For those who want to experience the Coronation in person, you can see the procession to and from Westminster Abbey by standing along its route. These spaces are open to the public from 6am, and it’s recommended to arrive early to get a prime road-side spot. Alternatively, you can watch from a public big screen elsewhere in London. These screens will be set up at Hyde Park, Green Park, and St. James’ Park, and are free to enter.

To learn more about watching the Coronation in person, visit the government website.

Accessible Viewing Areas

There will be special accessible viewing areas and quiet areas for people with accessibility needs. However, these areas are limited and are first-come-first-served. More information about these areas can be found here.

The Best Tube Spots for Seeing the Procession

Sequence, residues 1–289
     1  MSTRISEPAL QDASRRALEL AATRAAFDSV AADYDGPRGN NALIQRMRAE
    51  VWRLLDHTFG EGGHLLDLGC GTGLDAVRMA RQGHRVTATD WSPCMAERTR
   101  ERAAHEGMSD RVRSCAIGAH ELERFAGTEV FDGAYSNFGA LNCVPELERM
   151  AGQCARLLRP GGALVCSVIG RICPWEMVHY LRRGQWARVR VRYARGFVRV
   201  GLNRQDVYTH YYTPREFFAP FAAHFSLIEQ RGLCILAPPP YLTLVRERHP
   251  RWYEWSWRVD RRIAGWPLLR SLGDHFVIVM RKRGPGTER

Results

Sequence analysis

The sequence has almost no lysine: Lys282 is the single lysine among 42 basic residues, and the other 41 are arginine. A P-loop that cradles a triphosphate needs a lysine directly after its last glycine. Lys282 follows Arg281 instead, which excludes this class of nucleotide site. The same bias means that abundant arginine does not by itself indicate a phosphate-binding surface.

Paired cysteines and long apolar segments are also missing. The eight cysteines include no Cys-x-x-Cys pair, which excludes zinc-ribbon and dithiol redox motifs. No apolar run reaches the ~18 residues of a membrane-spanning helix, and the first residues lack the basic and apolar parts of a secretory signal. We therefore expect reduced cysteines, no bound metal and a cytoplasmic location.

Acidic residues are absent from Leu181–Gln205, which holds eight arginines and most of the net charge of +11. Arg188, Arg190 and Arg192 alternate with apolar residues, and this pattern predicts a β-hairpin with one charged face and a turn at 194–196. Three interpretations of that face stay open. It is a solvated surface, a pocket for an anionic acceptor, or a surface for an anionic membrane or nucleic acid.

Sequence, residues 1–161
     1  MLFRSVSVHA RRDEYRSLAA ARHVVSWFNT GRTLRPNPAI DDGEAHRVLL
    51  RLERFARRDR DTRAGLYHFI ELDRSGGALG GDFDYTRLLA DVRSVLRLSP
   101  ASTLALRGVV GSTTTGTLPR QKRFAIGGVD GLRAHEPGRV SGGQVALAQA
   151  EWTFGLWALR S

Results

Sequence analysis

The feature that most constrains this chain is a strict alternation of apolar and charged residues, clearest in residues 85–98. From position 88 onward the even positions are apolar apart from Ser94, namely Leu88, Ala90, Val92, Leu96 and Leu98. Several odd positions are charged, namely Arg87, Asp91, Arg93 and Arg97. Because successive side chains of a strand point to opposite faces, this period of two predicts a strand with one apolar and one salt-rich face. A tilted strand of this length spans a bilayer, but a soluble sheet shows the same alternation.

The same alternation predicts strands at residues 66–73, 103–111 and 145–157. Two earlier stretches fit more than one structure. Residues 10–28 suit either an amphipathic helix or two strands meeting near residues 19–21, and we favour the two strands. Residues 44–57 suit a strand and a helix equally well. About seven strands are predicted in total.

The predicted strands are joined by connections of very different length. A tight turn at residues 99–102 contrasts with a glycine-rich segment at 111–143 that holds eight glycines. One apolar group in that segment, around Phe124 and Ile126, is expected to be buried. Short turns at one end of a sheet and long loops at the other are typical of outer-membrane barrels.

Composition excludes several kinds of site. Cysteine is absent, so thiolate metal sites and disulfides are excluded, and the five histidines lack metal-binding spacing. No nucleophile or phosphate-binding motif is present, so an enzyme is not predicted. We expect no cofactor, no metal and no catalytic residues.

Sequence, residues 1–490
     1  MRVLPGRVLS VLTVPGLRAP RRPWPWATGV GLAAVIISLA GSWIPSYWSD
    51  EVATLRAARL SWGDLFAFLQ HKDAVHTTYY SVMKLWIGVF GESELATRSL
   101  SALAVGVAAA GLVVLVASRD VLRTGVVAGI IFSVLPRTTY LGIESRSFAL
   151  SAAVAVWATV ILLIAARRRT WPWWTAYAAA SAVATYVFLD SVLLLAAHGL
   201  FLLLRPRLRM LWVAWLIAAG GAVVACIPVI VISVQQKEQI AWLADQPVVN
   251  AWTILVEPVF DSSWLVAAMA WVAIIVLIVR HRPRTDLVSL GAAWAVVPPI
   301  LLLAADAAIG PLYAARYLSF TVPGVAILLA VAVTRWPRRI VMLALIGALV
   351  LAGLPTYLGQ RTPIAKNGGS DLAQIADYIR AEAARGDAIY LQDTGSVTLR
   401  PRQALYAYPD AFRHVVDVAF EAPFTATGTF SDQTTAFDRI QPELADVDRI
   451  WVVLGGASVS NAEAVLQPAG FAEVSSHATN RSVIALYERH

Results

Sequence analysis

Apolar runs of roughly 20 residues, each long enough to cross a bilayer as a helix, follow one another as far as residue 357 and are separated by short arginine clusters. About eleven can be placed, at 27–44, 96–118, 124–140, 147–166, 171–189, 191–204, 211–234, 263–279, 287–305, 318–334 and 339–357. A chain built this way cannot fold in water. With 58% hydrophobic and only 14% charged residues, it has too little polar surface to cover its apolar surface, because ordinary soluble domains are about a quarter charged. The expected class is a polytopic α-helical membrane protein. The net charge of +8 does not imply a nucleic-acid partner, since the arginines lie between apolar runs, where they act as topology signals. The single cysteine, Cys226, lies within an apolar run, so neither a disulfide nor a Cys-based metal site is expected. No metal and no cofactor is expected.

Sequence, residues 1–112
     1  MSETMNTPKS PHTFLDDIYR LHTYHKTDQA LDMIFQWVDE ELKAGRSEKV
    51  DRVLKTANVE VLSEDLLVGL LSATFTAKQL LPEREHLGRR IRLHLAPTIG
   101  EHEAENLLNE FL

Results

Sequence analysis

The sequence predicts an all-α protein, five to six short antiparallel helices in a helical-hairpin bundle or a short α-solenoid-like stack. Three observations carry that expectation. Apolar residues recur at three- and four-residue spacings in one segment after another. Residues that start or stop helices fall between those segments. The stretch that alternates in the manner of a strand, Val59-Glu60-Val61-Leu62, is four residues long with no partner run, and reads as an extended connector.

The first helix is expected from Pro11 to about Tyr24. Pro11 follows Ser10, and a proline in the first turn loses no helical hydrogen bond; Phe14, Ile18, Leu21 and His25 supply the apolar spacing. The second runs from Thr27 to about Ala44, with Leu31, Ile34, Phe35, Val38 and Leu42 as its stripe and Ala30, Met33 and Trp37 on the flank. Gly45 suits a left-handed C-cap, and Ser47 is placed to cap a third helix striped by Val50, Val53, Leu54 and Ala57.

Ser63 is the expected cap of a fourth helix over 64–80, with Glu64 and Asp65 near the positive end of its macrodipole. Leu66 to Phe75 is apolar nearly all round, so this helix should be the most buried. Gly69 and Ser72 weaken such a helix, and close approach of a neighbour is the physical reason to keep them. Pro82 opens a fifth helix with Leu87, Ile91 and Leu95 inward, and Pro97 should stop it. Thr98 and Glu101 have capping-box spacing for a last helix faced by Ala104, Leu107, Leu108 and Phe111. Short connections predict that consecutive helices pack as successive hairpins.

If you’re looking for the best tube spots for seeing the procession, here are some great options:

  • Embankment
  • Westminster
  • Charing Cross
  • Green Park
  • Piccadilly Circus
  • Leicester Square

For the screens at Hyde Park, you can use Hyde Park Corner or Marble Arch.

Overall, there are several options available for those who want to watch the Coronation of King Charles III. Whether you choose to watch online, in person, or from accessible viewing areas, or from tube spots, you’re sure to have an unforgettable experience.

How You Can Celebrate King Charles’ Coronation

Have an Afternoon Tea

One traditional way to celebrate King Charles’ coronation is by indulging in an afternoon tea. Several London establishments are offering special coronation-themed afternoon teas during the time of the celebrations. A guide to the best of them can be found here.

Hit the Pubs

With a bank holiday on the cards, people are expected to hit the pubs in style to celebrate the coronation. Expect to see plenty of patriotic outfits and boozy debauchery. To keep the party going, licensing hours have been extended. From Friday 5th May to Sunday 7th May, pubs and bars will be allowed to stay open until 1am.

Have a Street Party